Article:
One of my favorite tracks off the record is “Shrine of Apathy,” it has a very different vibe than the rest of the album. Tell me a little about that track and the genesis of it.

Sure! I’ve had that song in sort of different forms for a long time. The idea in terms of the lyrics was it’s about losing someone close to you and the feeling of sort of total despair that you get where you almost don’t care about anything going on around you. The idea was that you’re building this shrine to apathy. That’s the idea of it, lyrically, and I wanted, musically, it to be what I would call a true balled in the sense of the ballads that came out in the late-’70s and early-’80s, like “Dream On” and “Stairway to Heaven.” Those ballads all made you feel something, instead of them just being a soft song. A lot of the ballads that come out these days, I don’t get a feeling from them– they’re just a soft song. I wanted to capture a feeling of the song and give it a vibe so that the music and lyrics were connected. I think we were able to do it. Dave’s vocal performance on that is awesome, and he really was able to capture that emotion. This band has had a number of losses of actual band members and family and friends in recent years, so it felt like something that was really appropriate for the band to do, and it came out great.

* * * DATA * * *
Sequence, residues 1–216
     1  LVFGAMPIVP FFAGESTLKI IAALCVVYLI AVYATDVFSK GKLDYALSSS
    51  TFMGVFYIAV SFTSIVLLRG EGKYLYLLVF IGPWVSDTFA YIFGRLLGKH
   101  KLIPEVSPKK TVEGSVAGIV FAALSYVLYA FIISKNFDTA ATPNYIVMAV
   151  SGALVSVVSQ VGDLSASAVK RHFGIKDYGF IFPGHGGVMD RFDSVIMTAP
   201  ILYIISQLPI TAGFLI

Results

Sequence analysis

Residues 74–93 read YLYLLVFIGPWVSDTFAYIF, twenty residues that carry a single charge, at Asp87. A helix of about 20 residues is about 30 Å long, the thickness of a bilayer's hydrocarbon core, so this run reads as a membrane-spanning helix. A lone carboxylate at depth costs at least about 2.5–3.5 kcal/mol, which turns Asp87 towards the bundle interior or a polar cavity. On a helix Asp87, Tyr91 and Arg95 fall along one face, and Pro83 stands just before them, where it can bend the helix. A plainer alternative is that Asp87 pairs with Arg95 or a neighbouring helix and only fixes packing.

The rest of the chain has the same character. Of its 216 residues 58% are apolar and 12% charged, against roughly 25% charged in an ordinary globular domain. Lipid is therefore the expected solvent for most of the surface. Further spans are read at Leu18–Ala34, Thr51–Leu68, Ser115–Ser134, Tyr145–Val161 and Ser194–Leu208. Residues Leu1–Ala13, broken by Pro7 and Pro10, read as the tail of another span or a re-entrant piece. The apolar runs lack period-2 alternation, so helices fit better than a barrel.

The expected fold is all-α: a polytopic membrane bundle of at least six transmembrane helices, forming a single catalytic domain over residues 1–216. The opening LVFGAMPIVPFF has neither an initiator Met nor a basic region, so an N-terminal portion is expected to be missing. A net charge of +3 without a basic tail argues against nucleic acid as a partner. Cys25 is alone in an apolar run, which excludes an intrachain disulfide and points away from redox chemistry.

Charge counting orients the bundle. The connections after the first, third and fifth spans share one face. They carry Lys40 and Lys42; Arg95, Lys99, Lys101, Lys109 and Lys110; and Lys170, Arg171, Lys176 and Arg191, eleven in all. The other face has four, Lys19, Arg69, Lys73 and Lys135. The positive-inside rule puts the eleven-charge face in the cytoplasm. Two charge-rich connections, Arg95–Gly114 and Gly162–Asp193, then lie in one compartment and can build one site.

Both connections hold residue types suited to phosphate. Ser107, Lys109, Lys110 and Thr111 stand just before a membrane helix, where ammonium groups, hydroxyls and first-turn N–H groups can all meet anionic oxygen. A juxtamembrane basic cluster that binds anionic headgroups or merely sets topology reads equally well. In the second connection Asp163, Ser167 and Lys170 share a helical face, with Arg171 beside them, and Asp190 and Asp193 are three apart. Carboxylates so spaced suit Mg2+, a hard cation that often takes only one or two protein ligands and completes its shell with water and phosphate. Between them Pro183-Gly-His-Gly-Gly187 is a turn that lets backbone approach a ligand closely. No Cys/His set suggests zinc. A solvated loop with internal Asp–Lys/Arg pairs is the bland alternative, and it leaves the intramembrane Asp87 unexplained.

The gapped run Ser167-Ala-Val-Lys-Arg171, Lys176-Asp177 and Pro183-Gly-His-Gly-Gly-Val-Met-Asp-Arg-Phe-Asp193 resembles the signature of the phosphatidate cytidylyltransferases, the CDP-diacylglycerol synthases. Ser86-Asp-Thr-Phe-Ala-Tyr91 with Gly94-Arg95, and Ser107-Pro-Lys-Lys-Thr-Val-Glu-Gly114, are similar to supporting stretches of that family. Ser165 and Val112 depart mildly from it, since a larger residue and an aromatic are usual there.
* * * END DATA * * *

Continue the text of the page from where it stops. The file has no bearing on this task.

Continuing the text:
Coronavirus has turned the world upside down this year. I know your friend Gary Holt had coronaivrus for a while, and, of course, Will Carroll had a very serious case of it. How is everybody doing in your circle of musician friends?

Thankfully, those guys are all okay from what I understand. I think everybody is taking the precautions necessary to prevent getting COVID-19 or spreading it. I think most of the bands are laying low, and most of the guys are laying low and doing whatever they can. I know the Exodus guys are writing a new record now, as far as the guys in Heathen, we’re all just doing our thing. Two of the guys have day jobs and they are considered essential workers, so they’re still working. I’m just a musician, so I’m a homebody and not impacted too much other than I hate wearing masks to have to go out to dinner or not being able to go out to dinner, but we can’t control it, so we just do what we do and try to stay safe and do whatever we can to stay productive.